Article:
Wall Street Protesters 'Not Going Anywhere'

Protesters gathered in Lower Manhattan Sunday for day two of what some are calling the “United States Day of Rage” and “Occupy Wall Street.” Thousands have vowed to “occupy" Wall Street for days and say they have no plans to leave anytime soon.

Some of those sitting in the streets vowed to stay on Wall Street as long as it takes to make their point that they will “no longer tolerate the greed and corruption of the 1 percent.”

Protesters began descending on Wall Street on Saturday for a peaceful, “Gandhi-like” rally to express anger over a financially rich system that favors the wealthy and powerful at the expense of the average citizen.

For months, protesters have been planning the peaceful protest, which is being organized by activist magazine Adbusters.

Thousands arranged to meet and discuss their goals at the iconic Wall Street Bull statue. Messages were sent out via Twitter and Facebook saying “See you at the Bull.”

The idea, according to some organizers, was to camp out for weeks - or even months - to replicate the kind of protests that erupted earlier this year in places like Egypt, Spain, Israel and other places in the Middle East, which were held in the name of "Arab Spring."

Saturday’s occupation started with peaceful rallies at Bowling Green Park, the Bull and One Chase Manhattan Plaza. “We will continue until our one demand is agreed upon by all,” Adbusters said on its website.

Social media was used to spread the message to thousands of “Culture Jammers,” the term Adbusters gave the new activists joining the event.

One message from Adbusters read, “A leaked bulletin from the New York Police Department reveals that they expect at least 5,000, and maybe even 20,000 people to swarm Wall Street tomorrow. That just might be enough for us to pull this off!”

Unfortunately, two snags arose over the weekend. As it turned out, the demonstrators found many of their targets were off limits on Saturday as the city shut down sections of Wall Street near the New York Stock Exchange and Federal Hall well before their arrival.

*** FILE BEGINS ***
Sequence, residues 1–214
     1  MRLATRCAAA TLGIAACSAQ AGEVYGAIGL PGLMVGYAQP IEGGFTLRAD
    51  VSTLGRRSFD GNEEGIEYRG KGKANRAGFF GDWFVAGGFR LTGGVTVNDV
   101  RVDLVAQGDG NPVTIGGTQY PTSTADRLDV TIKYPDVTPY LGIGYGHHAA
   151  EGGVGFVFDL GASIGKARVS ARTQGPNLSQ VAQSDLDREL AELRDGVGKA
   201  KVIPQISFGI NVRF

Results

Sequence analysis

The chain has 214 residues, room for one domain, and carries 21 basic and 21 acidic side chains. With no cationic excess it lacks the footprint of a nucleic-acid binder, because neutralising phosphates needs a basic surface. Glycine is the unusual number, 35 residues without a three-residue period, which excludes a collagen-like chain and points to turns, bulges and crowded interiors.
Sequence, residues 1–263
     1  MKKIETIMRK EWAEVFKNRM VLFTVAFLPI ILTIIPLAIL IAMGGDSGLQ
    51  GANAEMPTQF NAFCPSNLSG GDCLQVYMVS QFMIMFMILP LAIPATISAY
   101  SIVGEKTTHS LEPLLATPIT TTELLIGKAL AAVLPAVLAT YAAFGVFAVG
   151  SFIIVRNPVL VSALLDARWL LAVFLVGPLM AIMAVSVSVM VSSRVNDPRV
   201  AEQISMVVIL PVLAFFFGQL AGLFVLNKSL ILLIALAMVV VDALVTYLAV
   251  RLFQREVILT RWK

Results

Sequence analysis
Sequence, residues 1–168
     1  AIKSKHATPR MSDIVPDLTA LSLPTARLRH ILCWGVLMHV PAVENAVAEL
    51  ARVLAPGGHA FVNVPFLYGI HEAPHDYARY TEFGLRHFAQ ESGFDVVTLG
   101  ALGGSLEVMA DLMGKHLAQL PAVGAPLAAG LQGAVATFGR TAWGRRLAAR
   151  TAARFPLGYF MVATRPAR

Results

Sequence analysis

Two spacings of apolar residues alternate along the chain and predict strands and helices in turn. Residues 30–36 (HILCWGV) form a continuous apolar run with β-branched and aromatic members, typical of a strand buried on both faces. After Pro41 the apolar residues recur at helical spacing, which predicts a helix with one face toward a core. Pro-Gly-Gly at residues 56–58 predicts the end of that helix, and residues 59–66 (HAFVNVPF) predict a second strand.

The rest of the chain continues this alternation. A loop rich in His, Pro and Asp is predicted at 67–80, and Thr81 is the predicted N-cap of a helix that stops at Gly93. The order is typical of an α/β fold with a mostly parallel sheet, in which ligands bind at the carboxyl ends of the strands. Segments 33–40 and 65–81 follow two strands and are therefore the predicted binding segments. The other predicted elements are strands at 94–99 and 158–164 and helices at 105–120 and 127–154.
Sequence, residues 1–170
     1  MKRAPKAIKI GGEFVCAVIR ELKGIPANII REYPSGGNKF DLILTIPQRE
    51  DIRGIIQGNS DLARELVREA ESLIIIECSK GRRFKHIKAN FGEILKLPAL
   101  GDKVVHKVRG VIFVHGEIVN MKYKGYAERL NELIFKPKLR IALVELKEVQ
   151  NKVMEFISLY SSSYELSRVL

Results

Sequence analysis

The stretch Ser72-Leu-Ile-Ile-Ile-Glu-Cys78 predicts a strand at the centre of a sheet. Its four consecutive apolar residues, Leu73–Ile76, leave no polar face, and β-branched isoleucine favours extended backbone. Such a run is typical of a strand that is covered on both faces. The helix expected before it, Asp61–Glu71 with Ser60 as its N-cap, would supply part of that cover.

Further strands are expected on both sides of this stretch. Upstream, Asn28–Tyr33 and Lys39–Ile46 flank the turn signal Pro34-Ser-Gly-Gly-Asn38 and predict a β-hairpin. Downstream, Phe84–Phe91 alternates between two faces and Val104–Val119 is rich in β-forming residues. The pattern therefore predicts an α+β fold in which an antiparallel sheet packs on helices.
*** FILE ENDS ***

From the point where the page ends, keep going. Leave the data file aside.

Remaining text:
"The NYPD is aware of various protests and we have planned accordingly," Deputy Commissioner Paul Browne told CNN late Friday.

Also, the event did not meet its goal 5,000 to 20,000 protesters. Instead, 3,000 to 4,000 came to protest in the streets of New York.

“No, we do not have as many as we thought we were going to have down here, but I think we are making our point,” Anna Lindale, a protester in downtown Manhattan told The Christian Post during a telephone interview Sunday.

She likened the protest to the series of disruptive protests against the Vietnam War held in the 1960s.

“This event kind of reminds me of how America used to be. When people did not like something in the 1960s and 1970s, they stood up in masses and said so.”

When asked about the occupation, New York City Mayor Michael Bloomberg responded, "People have a right to protest, and if they want to protest, we’ll be happy to make sure they have locations to do it. As long as they do it where other people’s rights are respected, this is the place where people can speak their minds."

Protester Lisa Fithian said she's not part of any official group for the “occupation.”

She told The New York Times that the event is the work of many people coming together on Wall Street with the same message.

"Wall Street is certainly the heart of why we're here. It's the corporations – the big banks in this country have been destroying this country,” Fithian said.

"Overfees or high mortgages, student loans, the banks are touching every aspect of our lives,” she said. She added that banks and the wealthy have taken money for their own interests and their own survival.

“The people here are saying enough of that," Fithian said.

A recent post on Adbusters mentioned an event Obama is planning to attend tonight, which means the movement could gain momentum.

“President Obama will be in New York City at a private $38,500 per person fundraising event on Monday,” the Adbusters website reported.

“September 19th starting at 5:30 p.m. at 820 Park Avenue. Maybe we can go there and invite him to join our people's assembly?” the site read.

The Wall Street protesters have vowed to stay peaceful and hold their ground until their demands are met. They are calling for protests in other cities, worker and student strikes and the creation of similar organizations throughout the country

To view a live stream of “Occupy Wall Street” visit:

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